When looking at an industry, it’s helpful to look for common patterns. One place important patterns often emerge is among industry suppliers. These patterns can often illuminate where profit from value is being captured in an industry. Porter’s Suppliers force applied to the airline industry would consider factors such as the following:
1. Does the industry depend on a relatively small number of suppliers? There is a fairly small group of aircraft manufacturers in the world, compared to the large number of airlines that purchase from them. Air carriers’ dependence on just a few suppliers limits their power to exert pressure on those suppliers in areas such as price.
2. How differentiated are suppliers’ products? High cost and complexity make airplanes vary dramatically in factors such as passenger capacity and range, while improvements in engine technology and fuselage materials can dramatically affect fuel costs. But in commercial aviation, the suppliers often produce similar products that fit the same niche. For example, if you’re flying between cities in the US more than 500 miles apart, you’ll likely find yourself on a Boeing 737 or an Airbus A320. Ultimately, choosing a different supplier doesn’t lead to a differentiated offering for the airline (i.e. most passengers don’t even know what kind of plane they’re on.)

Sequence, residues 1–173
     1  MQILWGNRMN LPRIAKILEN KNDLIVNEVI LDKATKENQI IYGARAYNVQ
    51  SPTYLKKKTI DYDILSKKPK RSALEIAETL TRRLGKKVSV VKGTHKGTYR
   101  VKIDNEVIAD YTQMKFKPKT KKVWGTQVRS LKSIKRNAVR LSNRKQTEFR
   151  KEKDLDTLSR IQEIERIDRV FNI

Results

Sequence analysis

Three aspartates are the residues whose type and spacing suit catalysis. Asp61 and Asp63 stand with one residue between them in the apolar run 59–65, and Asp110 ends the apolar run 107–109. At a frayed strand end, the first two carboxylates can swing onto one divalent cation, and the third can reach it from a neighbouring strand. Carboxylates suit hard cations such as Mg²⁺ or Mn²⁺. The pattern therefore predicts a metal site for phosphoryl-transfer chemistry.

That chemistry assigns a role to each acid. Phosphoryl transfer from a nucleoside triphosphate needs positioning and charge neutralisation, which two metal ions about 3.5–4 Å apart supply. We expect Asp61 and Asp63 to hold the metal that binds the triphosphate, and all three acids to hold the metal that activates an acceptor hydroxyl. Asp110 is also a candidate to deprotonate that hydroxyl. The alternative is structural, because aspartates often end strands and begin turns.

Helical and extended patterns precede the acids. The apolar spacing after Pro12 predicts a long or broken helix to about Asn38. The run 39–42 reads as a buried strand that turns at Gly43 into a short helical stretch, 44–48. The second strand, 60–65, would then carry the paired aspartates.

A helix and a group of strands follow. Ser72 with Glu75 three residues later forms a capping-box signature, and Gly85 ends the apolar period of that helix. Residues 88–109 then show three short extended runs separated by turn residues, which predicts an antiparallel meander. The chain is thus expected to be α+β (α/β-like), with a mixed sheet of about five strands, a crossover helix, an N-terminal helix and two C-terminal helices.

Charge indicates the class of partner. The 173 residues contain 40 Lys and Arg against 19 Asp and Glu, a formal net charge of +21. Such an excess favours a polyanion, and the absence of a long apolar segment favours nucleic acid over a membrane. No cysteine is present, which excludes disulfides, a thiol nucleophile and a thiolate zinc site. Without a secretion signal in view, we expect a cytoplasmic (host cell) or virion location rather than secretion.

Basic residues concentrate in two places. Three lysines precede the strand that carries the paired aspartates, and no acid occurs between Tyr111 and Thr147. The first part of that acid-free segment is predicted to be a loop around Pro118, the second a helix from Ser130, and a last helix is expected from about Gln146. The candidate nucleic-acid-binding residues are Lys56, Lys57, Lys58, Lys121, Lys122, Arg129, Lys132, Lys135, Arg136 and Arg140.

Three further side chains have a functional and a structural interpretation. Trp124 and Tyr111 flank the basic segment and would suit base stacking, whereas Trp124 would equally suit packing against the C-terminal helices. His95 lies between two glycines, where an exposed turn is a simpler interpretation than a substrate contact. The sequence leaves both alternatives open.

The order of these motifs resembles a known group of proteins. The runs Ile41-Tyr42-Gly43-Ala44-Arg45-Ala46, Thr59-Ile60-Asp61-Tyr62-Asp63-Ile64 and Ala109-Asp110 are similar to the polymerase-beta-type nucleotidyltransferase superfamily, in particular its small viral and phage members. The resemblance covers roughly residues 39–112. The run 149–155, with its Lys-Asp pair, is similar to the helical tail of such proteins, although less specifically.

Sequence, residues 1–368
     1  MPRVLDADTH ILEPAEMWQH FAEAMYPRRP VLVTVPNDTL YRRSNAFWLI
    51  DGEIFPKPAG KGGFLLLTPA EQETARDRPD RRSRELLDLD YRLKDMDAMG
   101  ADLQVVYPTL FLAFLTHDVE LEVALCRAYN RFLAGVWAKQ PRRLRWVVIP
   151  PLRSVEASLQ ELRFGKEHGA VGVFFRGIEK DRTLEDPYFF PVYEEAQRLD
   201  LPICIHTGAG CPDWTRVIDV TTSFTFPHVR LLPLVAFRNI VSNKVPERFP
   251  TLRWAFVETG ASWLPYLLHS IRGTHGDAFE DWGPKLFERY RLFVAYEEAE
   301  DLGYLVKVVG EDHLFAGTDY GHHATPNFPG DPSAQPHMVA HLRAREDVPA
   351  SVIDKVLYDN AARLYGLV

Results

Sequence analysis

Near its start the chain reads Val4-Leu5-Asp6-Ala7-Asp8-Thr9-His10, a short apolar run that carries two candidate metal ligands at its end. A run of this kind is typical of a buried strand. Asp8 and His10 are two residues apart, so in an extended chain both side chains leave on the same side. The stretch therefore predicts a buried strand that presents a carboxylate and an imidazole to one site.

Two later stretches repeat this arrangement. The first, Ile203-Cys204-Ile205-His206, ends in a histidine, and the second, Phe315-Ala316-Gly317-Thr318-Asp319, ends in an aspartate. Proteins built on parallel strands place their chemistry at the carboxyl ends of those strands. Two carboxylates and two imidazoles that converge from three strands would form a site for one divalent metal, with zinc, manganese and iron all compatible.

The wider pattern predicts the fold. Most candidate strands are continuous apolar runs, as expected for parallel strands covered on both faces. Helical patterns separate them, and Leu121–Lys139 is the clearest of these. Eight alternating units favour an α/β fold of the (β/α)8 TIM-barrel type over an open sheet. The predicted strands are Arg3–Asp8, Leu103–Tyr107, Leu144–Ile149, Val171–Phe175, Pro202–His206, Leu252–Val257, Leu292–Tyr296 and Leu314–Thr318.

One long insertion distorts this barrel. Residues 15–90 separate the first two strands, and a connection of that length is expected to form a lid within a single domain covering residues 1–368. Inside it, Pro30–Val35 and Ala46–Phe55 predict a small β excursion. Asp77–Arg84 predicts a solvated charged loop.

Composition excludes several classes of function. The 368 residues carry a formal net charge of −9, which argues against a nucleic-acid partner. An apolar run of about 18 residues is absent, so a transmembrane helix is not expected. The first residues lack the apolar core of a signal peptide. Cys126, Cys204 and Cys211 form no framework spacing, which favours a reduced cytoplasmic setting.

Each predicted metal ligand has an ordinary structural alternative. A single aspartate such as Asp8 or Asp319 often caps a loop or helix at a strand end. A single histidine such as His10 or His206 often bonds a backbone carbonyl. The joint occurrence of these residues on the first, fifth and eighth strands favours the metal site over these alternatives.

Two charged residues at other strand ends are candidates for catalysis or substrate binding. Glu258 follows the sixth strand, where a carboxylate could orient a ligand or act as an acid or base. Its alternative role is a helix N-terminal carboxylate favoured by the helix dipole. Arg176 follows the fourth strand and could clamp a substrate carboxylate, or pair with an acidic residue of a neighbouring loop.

3. What impact does supplier forward integration have on its customers? In other words, do you need to worry that your suppliers will move into your business? At present, the answer in air travel seems to be, “No.”. Boeing and Airbus don’t seem poised to become a airlines themselves. For what it’s worth, backward integration (an airline buying Boeing) also seems unlikely.
By Sean Campbell
By Scott Swigart
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